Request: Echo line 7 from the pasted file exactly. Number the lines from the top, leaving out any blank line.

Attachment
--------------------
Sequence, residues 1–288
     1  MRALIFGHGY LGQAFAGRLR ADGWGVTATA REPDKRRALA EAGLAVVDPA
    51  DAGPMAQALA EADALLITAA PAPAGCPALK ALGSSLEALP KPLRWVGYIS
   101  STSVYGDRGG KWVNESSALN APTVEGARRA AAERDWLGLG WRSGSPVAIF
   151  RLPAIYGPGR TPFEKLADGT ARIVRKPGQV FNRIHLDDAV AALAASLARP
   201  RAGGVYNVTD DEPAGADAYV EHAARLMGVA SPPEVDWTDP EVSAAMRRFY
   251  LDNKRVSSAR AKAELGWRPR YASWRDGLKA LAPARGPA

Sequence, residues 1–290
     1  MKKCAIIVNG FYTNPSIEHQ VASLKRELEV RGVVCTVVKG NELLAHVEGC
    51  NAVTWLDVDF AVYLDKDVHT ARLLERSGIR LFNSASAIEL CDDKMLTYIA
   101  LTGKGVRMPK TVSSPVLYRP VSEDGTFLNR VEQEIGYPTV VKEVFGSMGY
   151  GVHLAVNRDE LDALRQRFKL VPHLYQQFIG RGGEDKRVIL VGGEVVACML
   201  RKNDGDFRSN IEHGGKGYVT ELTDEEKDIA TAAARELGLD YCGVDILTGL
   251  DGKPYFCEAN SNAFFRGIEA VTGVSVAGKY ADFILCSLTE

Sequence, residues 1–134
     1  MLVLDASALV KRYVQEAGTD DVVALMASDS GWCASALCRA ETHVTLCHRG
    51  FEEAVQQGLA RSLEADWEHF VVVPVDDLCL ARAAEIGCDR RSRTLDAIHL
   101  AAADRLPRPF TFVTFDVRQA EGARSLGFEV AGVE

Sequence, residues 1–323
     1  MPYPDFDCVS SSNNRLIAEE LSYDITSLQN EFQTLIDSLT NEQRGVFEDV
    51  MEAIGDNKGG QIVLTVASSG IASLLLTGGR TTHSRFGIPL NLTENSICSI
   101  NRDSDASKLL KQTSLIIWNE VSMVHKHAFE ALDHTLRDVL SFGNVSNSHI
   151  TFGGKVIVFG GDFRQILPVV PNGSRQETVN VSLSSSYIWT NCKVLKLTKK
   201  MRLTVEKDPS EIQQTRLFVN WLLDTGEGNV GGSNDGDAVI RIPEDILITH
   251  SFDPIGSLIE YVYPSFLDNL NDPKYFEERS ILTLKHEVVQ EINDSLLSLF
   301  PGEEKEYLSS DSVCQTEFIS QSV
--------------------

   251  LDNKRVSSAR AKAELGWRPR YASWRDGLKA LAPARGPA